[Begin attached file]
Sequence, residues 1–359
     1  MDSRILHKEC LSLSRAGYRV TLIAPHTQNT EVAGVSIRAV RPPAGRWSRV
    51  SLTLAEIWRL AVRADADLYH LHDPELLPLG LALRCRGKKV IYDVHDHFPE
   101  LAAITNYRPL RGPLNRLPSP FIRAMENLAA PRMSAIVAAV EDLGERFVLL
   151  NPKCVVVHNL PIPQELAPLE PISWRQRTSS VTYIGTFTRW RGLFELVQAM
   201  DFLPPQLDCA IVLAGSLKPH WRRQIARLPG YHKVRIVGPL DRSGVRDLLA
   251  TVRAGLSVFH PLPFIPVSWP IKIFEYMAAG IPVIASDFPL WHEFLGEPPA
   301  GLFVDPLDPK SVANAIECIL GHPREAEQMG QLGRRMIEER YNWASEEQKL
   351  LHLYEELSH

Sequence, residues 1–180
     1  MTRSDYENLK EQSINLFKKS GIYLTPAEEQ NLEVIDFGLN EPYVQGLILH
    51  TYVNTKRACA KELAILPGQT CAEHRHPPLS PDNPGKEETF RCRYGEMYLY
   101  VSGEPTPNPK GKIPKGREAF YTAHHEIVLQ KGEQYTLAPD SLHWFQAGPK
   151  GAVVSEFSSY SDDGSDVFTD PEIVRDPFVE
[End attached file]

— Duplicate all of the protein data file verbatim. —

Sequence, residues 1–359
     1  MDSRILHKEC LSLSRAGYRV TLIAPHTQNT EVAGVSIRAV RPPAGRWSRV
    51  SLTLAEIWRL AVRADADLYH LHDPELLPLG LALRCRGKKV IYDVHDHFPE
   101  LAAITNYRPL RGPLNRLPSP FIRAMENLAA PRMSAIVAAV EDLGERFVLL
   151  NPKCVVVHNL PIPQELAPLE PISWRQRTSS VTYIGTFTRW RGLFELVQAM
   201  DFLPPQLDCA IVLAGSLKPH WRRQIARLPG YHKVRIVGPL DRSGVRDLLA
   251  TVRAGLSVFH PLPFIPVSWP IKIFEYMAAG IPVIASDFPL WHEFLGEPPA
   301  GLFVDPLDPK SVANAIECIL GHPREAEQMG QLGRRMIEER YNWASEEQKL
   351  LHLYEELSH

Sequence, residues 1–180
     1  MTRSDYENLK EQSINLFKKS GIYLTPAEEQ NLEVIDFGLN EPYVQGLILH
    51  TYVNTKRACA KELAILPGQT CAEHRHPPLS PDNPGKEETF RCRYGEMYLY
   101  VSGEPTPNPK GKIPKGREAF YTAHHEIVLQ KGEQYTLAPD SLHWFQAGPK
   151  GAVVSEFSSY SDDGSDVFTD PEIVRDPFVE